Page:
10 Best Yogurts for Babies
May 17, 2023
Baby yogurt is the perfect consistency for a first food. But not all yogurts have the same nutritional benefits. So let’s review what to look for when choosing baby yogurts.
Are you wondering whether it’s okay to give yogurt to babies?
The short answer is yes. But there’s an overwhelming variety to choose from at the supermarket. And as a children’s nutrition expert, I have reservations about many yogurts on the market for babies.
Yogurt is made from milk that’s fermented by bacteria and contains live active cultures (probiotics for your baby’s gut). Plain yogurt only contains milk and live active cultures and some versions are fortified with vitamin D.
And really, that’s all a little one needs.
In this article, you’ll learn when babies can eat yogurt, how to choose yogurt for your baby, and my top yogurt choices for little ones.
When Can Babies Have Yogurt?
Babies can eat yogurt when they’re about 6 to 8 months old.
According to the American Academy of Pediatrics (AAP), you can introduce single ingredient solid foods in any order beginning at around 6 months old. Around 7 to 8 months old, you may offer a variety of foods from all the food groups, according to the CDC.
Plain yogurt is a single ingredient food but there are other factors to consider. Some fruit yogurts have seeds and fruit chunks that are choking hazards to little ones.
And cow’s milk allergies are one of the most common food allergies in children.
Use caution when introducing dairy and other food allergens. First, offer a small amount and only one new food at a time. Then wait about 3 days before introducing another food.
The Dietary Guidelines for Americans and the AAP recommend waiting until your baby is one-year-old before introducing cow’s milk. That’s because a baby’s gastrointestinal tract is not quite ready to process liquid milk.
So, you might wonder why it’s okay for babies to eat yogurt and cheese.
Yogurt is fermented, so it’s easier for babies to digest than cow’s milk.
Also, solid foods at this time, including dairy, are considered complementary foods. They aren’t required for the bulk of a little one’s calories and nutrient needs. Babies are still reliant on breastmilk or infant formula for their nutritional requirements.
Introducing cow’s milk early won’t provide enough nutrients in the right balance to substitute for the nutrition from breastmilk or baby formula, which is still baby’s primary source of nourishment in the first year,
Also, fortified formula and breastmilk provide iron, a critical nutrient in the first year when your little one’s brain grows rapidly.
Not only is cow’s milk a poor source of iron, high calcium foods actually reduce the absorption of iron. Complementary foods provide an important source of iron for babies.
Baby Yogurt vs. Regular Yogurt
Let me share a secret…
Plain yogurt for adults and children is made from the same ingredients. Both contain milk and live active cultures.
The major difference between yogurt that’s made and marketed to kids is the size of the container, the packaging, and the ingredients in the flavored varieties.
Baby yogurts tend to be blends of yogurt, fruit and may some have cereal, too. Yogurt isn’t the main ingredient, which lowers the amount of protein.
And that’s a good thing. The DRI for babies 6-11 months old is only 11g daily and 13 g daily for babies 1-2 years old according to the Dietary Guidelines.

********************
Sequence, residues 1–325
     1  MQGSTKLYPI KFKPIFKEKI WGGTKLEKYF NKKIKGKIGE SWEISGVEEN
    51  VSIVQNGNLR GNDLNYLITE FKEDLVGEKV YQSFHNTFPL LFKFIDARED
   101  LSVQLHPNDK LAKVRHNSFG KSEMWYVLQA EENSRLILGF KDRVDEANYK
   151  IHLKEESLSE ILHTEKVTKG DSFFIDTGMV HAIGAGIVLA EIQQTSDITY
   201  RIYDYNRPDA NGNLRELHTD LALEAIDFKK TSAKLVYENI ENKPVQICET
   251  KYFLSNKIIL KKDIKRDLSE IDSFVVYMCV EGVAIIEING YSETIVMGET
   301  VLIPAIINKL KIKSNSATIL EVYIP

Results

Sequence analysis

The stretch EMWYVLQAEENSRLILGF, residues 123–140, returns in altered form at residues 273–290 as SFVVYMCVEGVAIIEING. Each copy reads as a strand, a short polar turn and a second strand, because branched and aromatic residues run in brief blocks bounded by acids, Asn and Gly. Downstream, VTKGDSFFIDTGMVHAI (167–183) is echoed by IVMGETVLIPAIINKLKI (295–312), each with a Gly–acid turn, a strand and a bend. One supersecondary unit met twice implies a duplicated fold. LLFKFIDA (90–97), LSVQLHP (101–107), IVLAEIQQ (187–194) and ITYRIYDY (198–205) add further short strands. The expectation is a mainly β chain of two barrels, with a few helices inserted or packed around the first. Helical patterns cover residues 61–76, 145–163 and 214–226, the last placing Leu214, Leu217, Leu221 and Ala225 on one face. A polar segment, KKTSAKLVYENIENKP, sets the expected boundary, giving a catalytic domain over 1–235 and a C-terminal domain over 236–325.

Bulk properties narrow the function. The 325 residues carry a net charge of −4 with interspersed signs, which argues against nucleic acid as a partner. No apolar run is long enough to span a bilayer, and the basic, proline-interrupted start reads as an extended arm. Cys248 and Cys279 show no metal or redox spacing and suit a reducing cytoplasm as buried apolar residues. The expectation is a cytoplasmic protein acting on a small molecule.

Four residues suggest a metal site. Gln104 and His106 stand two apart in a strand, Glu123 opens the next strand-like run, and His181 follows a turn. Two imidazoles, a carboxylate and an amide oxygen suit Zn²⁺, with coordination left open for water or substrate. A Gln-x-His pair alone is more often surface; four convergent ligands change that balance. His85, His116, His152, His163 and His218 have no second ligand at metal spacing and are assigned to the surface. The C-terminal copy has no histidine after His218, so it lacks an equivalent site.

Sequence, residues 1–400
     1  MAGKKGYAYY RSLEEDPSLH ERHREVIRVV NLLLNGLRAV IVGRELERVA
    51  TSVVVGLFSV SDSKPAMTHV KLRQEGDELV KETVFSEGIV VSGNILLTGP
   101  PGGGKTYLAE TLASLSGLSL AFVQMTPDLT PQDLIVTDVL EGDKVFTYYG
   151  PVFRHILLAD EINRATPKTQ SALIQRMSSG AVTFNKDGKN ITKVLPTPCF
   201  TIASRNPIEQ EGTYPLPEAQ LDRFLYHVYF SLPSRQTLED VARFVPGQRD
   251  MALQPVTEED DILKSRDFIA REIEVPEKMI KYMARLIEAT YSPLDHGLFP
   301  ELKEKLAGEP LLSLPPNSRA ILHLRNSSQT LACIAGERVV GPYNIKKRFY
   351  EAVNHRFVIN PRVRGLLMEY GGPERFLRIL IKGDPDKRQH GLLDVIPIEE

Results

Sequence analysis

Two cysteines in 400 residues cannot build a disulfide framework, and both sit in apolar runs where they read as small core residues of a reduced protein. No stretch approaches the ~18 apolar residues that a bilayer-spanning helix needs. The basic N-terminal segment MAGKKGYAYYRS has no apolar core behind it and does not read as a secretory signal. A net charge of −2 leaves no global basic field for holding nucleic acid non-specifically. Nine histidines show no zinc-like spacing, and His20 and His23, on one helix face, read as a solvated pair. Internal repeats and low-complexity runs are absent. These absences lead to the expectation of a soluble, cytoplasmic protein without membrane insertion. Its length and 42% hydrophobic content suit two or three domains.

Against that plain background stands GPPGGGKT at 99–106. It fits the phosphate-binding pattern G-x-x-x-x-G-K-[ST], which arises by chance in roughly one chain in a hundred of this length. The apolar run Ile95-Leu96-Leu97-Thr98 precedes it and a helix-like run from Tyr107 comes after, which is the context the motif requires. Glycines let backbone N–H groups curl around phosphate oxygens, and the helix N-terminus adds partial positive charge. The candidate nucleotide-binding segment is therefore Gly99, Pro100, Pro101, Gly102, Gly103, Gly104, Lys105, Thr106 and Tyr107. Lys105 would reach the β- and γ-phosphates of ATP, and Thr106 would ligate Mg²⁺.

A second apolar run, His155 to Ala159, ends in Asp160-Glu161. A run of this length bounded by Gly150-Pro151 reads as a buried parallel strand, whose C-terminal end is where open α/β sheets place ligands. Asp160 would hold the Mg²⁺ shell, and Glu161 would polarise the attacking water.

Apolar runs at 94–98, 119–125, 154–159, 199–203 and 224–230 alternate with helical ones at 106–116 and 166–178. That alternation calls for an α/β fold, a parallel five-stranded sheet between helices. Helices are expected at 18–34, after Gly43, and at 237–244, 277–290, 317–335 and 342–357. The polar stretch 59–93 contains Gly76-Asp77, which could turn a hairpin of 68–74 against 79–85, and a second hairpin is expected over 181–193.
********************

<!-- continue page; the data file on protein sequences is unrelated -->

As a pediatric dietitian, I recommend regular full-fat plain yogurt, whether it is adult or baby yogurt, over many kid-friendly yogurts because many baby yogurts contain added sugar.
For example, there are 6 g of added sugar in one of the most popular baby yogurt brands. Sugar is the second ingredient on the list!
A Word About Added Sugar vs. Natural Sugar
Sugar and carbohydrates are a hot topic. There’s a lot of misinformation and it can be confusing. Let me break down what parents need to know for babies and kids.
Kiddos (and adults too) need carbohydrates but there are different types and not all of them are equally nutritious.
Natural sugars appear naturally in foods such as fruits, dairy and honey. Added sugars, on the other hand, are added during processing. To make things more confusing, there are many types of added sugars, and they all go by different names.
So, you might not see “sugar” on the ingredient list.
That’s why looking for “added sugars” underneath the carbohydrates is the best way to find them.
So why are added sugars worse than natural sugars?
In some ways there is no difference in how they’re digested and how they affect the body. But added sugars tend to be simple sugars. They digest quickly and cause a fast rise in blood sugar (then the crankies may follow after the sugar-crash).
In comparison, the fiber in whole fruit slows the absorption of sugar during digestion. That keeps your little one full longer and keeps their moods steady.
You could argue that the presence of fat and protein in yogurt slows digestion and mediates the rise and fall of blood sugar, and it does, but babies need lots of nutrients to support their growth and development, and added sugar isn’t one of them.
In fact, the recommendations for infants is no added sugar in the first 2 years of life.
Lactose is the sugar naturally found in dairy so all cow’s milk yogurt will have sugar. Don’t worry about that.
Choosing the Best Type of Yogurt for Babies
Before two years old, babies should eat full-fat dairy and avoid added sugars, according to the Dietary Guidelines. When you’re deciding on a yogurt for your little one, look for regular adult or children’s plain yogurts made with whole milk and without added sugars.